''Before I met with David and sat down with him, I was concerned,'' said Stuart Blumberg, president of the Greater Miami & The Beaches Hotel Association. ''He understands the business. He's not just someone coming in the front door, converting and let me take my carpet bag and move on.''


Developers dismiss critics' concerns about a potential shortage of hotel rooms, saying most owners turn their units back to the hotel's rental pool. And they note the condo-hotel model is creating rooms when most banks won't fund hotels.

''To the extent it puts more hotels into the inventory, it's a good thing,'' said William Talbert, president of the Greater Miami Convention & Visitors Bureau.

By passing on debt, property taxes and other costs to unit owners, condo-hotel developers open a property with an instant profit on the real estate.

''You don't have to wait five years to sell your project,'' said Francis Nardozza, chairman and chief executive of REH Capital Partners, a Fort Lauderdale investment firm. ''Essentially, you're selling it on Day One.''

In return, unit owners -- who can pay in the low $100,000s for small hotel rooms or more than $1 million for an oceanfront suite -- get free stays in upscale hotels, instead of the housecleaning and shopping that often comes with a vacation home.

And when the owner leaves, the unit is offered for rent on a daily basis without any hassles for the owner. Unlike time-share units, which generally plunge in value with age, condo-hotel rooms offers the prospect of appreciation, or at least recouping the original purchase price.

Unit owners split operation costs with the hotel in exchange for a share of the room's rental income, typically about 45 percent. But with many hotels losing money their first few years in an always competitive and seasonal market, condo-hotel units are unlikely to be cash cows, the experts said.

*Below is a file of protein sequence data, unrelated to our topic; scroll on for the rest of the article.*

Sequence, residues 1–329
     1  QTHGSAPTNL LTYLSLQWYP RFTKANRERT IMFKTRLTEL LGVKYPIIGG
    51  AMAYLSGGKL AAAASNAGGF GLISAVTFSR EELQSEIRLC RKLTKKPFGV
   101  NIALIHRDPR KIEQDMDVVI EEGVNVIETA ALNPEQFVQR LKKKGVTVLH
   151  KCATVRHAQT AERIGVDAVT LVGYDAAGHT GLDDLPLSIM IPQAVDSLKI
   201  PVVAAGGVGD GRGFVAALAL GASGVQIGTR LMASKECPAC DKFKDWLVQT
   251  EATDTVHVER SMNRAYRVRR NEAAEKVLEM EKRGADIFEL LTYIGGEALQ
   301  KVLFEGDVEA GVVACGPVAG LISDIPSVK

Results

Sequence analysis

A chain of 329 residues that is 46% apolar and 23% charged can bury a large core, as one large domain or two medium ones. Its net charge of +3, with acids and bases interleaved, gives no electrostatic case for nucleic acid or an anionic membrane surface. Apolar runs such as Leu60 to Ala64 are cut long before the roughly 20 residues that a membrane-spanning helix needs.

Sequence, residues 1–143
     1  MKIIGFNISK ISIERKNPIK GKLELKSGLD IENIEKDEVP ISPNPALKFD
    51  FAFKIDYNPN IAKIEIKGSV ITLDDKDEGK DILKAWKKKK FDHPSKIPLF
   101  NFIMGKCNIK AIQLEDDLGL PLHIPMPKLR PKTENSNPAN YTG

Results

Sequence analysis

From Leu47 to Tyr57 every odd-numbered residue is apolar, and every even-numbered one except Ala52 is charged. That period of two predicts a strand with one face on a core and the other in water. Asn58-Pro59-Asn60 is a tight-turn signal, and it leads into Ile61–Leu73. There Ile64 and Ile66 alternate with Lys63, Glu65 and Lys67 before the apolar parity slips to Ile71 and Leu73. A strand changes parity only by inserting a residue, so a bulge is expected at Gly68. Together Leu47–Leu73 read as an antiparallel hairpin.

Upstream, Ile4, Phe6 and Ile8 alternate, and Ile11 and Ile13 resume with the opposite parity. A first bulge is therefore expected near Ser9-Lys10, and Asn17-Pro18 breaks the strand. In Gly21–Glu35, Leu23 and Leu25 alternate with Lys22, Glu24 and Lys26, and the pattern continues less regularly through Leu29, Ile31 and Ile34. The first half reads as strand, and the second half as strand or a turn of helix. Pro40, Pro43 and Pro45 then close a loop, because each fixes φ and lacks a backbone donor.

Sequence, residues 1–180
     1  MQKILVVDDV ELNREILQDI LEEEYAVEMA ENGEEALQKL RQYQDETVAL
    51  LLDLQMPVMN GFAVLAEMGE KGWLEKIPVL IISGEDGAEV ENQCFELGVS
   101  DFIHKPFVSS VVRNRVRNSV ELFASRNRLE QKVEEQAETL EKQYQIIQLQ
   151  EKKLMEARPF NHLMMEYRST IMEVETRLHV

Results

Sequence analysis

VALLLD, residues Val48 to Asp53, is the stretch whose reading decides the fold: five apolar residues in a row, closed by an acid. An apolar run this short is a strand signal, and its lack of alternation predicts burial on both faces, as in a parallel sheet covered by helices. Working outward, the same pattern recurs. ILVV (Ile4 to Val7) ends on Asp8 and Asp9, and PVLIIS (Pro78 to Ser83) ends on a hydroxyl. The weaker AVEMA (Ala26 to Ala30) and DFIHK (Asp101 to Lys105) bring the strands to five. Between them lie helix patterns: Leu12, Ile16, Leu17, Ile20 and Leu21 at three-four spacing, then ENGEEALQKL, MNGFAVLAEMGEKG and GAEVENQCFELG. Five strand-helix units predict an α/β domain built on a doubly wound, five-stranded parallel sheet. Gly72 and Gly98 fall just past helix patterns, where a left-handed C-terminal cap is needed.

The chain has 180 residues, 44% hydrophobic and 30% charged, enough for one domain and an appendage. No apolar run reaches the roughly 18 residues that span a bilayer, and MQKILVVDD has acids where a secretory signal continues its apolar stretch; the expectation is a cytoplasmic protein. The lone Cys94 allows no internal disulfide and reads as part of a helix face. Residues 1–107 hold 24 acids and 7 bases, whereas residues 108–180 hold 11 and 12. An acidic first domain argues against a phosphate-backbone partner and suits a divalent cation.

''If I had to give someone advice -- and I probably shouldn't be saying this -- I would say don't buy a condo-hotel unit as an investment. Just don't do it,'' said Ricardo Dunin, who opened the Mutiny in 1999 in Coconut Grove, the first South Florida condo-hotel project since their scattered use as a tax-shelter died off in the 1980s.


''The reason you buy a condo-hotel is for use,'' Dunin continued. ''And [when] you're not there, then it's being rented and maybe you pay for your costs.''

Federal securities law bars developers from marketing condo-hotel units as investments, but there's little question investors are fueling many of the projects' pre-sales. ''Ninety-five percent of the time [buyers are] really more interested in an investment than in a vacation home,'' said Joel Greene, president of the Condo Hotel Center brokerage in North Miami

If that's the case, then that pool could dry up if the first generation of condo-hotel projects generate too little cash and too low resale prices. But vacationers scooping up the units would be another story.

''If that is, in fact, the end user, I don't think there's an end to the demand,'' said Gregory Rumpel, the Jones Lang LaSalle Hotels vice president who helped broker the Falors' Colonnade and Cheeca deals.

Hotel markets in Latin America, Europe and Australia have been building condo-hotel projects since at least the 1980s, but the concept was mostly isolated to ski towns in the United States. Then the Mutiny opened, signaling the start of a trend that spread quickly through South Florida.

The last two years saw developers across the country tip-toe into the concept. The Trump International Hotel and Tower in Chicago -- where Bill Rancic went to work after The Apprentice -- is a condo-hotel property. Aventura-based Turnberry Associates launched the first Las Vegas condo-hotel last January, and other developers are following suit.

The Falor Cos. says it has $1.2 billion worth of property either under contract or in its portfolio and has plans for more acquisitions.

Admirers point to the company's experience running hotels. David Falor used to head up sales at the old Americana hotel in Bal Harbour and the Falor Cos. made most of its money buying and repositioning hotels. ''You have to understand the hotel business to understand the condo-hotel business,'' said Ezra Katz, chairman of the Aztec Group hotel brokerage, which is working with the Falors.